Frightening picture here in america and now to the other arresting image today. This one playing out overseas. Frightening scenes out of egypt tonight. Supporters of the ousted president mohamed morsi... See More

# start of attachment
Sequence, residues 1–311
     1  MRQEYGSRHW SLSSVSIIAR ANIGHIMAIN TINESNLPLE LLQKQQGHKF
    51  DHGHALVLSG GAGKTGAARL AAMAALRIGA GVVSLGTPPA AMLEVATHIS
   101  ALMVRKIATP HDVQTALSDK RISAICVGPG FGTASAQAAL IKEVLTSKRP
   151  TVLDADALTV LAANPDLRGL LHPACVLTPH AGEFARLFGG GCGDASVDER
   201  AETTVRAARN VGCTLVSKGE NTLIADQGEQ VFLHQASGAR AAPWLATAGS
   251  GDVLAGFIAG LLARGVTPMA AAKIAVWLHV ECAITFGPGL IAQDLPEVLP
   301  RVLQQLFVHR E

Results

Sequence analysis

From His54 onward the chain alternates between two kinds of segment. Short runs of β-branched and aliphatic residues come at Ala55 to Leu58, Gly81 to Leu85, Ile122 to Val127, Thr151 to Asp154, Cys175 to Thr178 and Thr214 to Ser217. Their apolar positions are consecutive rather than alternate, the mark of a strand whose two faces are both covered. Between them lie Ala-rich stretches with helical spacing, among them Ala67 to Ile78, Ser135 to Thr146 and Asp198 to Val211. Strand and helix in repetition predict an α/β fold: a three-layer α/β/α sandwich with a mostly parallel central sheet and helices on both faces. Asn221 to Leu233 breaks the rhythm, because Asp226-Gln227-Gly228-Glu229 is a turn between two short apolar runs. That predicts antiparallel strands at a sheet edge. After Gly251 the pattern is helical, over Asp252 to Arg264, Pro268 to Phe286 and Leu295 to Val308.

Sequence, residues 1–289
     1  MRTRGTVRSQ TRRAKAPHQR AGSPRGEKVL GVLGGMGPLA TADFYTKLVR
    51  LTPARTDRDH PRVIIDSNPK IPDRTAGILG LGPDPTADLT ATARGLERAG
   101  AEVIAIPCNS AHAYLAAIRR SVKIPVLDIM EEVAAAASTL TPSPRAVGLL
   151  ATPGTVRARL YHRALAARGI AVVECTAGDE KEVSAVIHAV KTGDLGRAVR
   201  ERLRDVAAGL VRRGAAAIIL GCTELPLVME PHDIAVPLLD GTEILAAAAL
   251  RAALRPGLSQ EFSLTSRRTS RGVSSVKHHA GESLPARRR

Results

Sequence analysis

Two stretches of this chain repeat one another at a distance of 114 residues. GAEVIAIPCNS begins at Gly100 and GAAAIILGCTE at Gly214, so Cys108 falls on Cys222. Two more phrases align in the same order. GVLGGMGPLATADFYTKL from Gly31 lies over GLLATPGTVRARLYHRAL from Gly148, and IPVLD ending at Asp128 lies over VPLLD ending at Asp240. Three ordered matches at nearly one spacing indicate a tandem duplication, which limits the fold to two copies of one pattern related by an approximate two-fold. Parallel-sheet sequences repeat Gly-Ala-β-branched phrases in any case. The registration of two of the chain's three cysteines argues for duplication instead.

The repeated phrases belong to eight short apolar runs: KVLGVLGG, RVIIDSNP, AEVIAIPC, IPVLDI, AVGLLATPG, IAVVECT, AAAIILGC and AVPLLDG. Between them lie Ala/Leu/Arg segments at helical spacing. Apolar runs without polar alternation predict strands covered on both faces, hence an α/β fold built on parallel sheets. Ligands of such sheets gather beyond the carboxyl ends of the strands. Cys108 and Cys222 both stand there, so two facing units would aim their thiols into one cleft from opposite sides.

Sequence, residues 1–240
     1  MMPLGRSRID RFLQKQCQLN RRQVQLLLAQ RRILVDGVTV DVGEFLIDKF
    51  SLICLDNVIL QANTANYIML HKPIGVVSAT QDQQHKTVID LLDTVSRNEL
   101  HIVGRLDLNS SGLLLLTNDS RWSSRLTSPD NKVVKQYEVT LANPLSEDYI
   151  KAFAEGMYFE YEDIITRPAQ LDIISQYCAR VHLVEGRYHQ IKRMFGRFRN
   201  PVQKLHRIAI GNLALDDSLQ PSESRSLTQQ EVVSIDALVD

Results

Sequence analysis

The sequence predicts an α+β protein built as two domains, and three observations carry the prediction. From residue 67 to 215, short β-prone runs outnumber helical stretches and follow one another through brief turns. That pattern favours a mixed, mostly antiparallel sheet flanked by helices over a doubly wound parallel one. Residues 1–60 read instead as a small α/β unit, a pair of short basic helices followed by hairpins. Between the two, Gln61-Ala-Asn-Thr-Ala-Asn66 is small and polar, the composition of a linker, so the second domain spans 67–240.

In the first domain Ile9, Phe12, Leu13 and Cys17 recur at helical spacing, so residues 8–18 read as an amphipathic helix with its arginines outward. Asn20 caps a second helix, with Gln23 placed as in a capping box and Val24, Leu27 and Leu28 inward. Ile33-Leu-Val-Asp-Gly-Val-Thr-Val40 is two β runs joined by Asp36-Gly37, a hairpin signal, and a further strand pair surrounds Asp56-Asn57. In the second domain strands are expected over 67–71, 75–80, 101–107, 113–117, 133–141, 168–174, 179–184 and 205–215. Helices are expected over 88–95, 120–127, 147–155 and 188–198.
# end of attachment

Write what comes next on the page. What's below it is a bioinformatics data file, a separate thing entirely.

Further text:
Frightening picture here in america and now to the other arresting image today. This one playing out overseas. Frightening scenes out of egypt tonight. Supporters of the ousted president mohamed morsi facing off against the military. Things turn chaotic. Soldiers firing shots into the crowd of presidential supporters. As the day wore on, fires breaking out. Tonight our coverage of the crisis in egypt as we ask, could this lead to civil war. Alex, good evening. It was a tense day here in egypt. After the first democratically lekted president was ousted. Many are afraid it could be the beginning of a bloody wave of violence. Reporter: Battles in the streets of cairo tonight. Supporters and opponents of the deposed president exchanging gunfire, rocks, and molotov cocktails. The army eventually arrived, but here and in issue slashes elsewhere, 17 people were killed, dozens more wounded. In one city far from cairo, the army opened fire as supporters prayed, sending them running for It was a day mohamed morsi's supporters dubbed the "friday of rejection," rejecting the military takeover. Earlier, an angry crowd surged toward the military compound they say is holding morsi, who has not been seen publically since his arrest wednesday night. "Hit me here, hit me here," this man shouted at soldiers. Then shots rang out. Three were killed. Hundreds of thousands of morsi's furious supporters turned out across egypt today. We elected him and we want him back. Morsi is still my president, morsi is still my president. Just this wire that separates hundreds of armed soldiers from these thousands of morrissey supporters. The clerics are trying to keep them calm. Things could change very quickly. The spiritual head of the muslim brotherhood, morsi's party, told supporters to be willing to sacrifice themselves for morsi. People are not going to go. They are surrounding the republican guard's headquarters until the president is handed over to them, and they will take the president back into the presidential palace. Reporter: Neither side is showing signs of backing down and that could have ripplesques well beyond egypt. Some two million barrels of egypt pass through the suez canal every day and the violence there has driven up prices 7% this week, which could soon be felt at the pump.
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